While protesters have been marching in the Middle East demanding liberty, Russians have been mostly silent. Instead of packing the streets, some have been quietly packing their bags, pursuing freedom in a new wave of emigration.

The departures are not easily documented because they are mostly unrecorded, but they have become the talk of the independent press and professional circles here. Russians blame their malaise on an authoritarian system in which political limits have settled over society as a whole, dead-ending career opportunities.

“There is a general feeling that a wall has gone up,” said Dmitri Oreshkin, a geographer and political analyst who described the new wave of emigration in a widely quoted Novaya Gazeta article at the end of January. “Everyone is asking me if it’s time to leave.”

He described the exodus as the sixth wave in less than a century, and differing from earlier waves because those departing intend to return when opportunities improve — though they rarely do.

“They really do not want to leave,” he wrote in his article. “But here they have nowhere to go, nothing to do, and no hope.”

Oreshkin said the young, talented and ambitious are most likely to leave — professionals like Natalya Kuzmina, a 29-year-old cardiac intensive-care doctor who departed Moscow in January.

Kuzmina was working and training in a Moscow hospital, feeling as if she was learning little and going nowhere, coming up against the very wall Oreshkin describes. The hospital had no money for professional journals; the science and technology were behind the times. “I realized if I wanted more education and training,” she said, “I had to leave.”

Kuzmina, who is not Jewish, got a five-year residency at a Jerusalem hospital, where she describes herself as thriving. “I am learning a thousand times more,” she said.

The Russian government, she said, allocated money to the Moscow hospital where she worked, but it never filtered down to where it was needed. “Every institution is corrupted,” she said. “We cannot move anywhere. We are stuck.”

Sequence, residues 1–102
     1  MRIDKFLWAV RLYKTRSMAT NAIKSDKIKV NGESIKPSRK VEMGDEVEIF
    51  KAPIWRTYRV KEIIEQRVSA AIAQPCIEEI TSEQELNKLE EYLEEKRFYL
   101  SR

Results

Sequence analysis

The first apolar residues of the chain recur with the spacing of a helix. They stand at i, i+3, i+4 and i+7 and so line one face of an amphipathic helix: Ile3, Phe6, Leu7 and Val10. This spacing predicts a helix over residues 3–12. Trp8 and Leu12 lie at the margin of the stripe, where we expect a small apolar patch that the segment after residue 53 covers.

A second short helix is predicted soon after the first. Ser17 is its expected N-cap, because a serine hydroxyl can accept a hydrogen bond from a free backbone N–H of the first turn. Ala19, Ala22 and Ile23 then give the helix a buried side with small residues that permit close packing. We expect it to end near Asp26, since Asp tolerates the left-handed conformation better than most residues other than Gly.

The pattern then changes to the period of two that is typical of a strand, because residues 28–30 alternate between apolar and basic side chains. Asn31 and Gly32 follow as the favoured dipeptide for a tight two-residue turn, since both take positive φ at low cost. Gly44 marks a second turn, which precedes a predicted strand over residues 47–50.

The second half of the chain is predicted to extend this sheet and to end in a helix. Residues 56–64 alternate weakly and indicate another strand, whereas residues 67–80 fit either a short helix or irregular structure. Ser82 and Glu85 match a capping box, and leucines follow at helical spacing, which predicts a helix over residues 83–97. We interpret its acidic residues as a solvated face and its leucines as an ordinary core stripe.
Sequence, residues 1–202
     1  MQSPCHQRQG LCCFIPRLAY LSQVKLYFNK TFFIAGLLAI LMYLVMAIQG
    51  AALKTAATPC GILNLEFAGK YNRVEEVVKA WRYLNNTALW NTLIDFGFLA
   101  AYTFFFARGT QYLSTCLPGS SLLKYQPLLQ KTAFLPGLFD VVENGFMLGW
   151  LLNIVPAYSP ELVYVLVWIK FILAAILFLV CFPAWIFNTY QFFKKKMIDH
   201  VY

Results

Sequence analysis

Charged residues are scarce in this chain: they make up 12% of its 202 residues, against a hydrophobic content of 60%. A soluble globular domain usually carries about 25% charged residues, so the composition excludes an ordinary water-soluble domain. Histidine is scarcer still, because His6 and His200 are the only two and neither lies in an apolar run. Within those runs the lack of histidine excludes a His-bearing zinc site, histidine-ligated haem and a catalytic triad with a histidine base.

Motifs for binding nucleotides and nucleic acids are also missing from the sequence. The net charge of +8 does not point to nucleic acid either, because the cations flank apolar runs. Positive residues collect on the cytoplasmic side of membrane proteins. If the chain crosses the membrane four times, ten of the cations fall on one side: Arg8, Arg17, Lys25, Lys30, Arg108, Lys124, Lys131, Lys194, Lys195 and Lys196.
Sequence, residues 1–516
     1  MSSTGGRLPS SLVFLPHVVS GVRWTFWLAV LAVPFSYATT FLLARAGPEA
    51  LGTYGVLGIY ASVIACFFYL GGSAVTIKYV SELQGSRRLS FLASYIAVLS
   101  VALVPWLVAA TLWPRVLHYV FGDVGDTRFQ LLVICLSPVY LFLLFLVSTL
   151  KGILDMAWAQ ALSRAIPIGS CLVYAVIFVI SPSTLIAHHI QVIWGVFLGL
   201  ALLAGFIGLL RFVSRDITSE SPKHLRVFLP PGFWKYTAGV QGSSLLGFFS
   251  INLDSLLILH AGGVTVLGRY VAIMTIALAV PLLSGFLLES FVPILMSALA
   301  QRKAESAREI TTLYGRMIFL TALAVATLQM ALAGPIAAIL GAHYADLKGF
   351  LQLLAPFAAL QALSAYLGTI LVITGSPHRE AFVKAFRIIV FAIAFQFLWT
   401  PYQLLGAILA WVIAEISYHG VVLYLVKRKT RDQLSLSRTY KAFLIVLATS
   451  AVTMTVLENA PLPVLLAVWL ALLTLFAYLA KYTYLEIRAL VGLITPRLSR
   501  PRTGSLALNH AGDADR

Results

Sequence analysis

Kuzmina plans to return in five years, but Oreshkin said such career moves often become permanent. “They create a life there,” he said, “and they don’t return.”

In the Soviet era, emigration was a daring and irreversible public act that required getting an exit permit, renouncing citizenship and leaving most family and worldly goods behind forever. Today’s emigrants often set off temporarily to study or for a contract to work for a year or two elsewhere. They return home frequently to visit and only gradually make themselves emigrants.

Yuri Surov, a 41-year-old translator who has been in Canada since 2003, has begun to hear from friends in Moscow asking for advice on emigrating. “My friends complain all the time — not enough opportunity, not enough money, not enough good jobs,” he said.

He returns to Russia frequently, visiting his parents and friends. “It’s not like I’ve burnt bridges,” he said.

Sergei Stepashin, chairman of the government’s Audit Chamber, which oversees public spending, estimates that about 1.25 million Russians in this country of 140 million have left in the last few years. Gennady Gudkov, head of the security committee in the lower house of parliament, puts the figure at 96,000 a year. He told a Russian newspaper that small-business people are reportedly leaving in great numbers because working here is too difficult.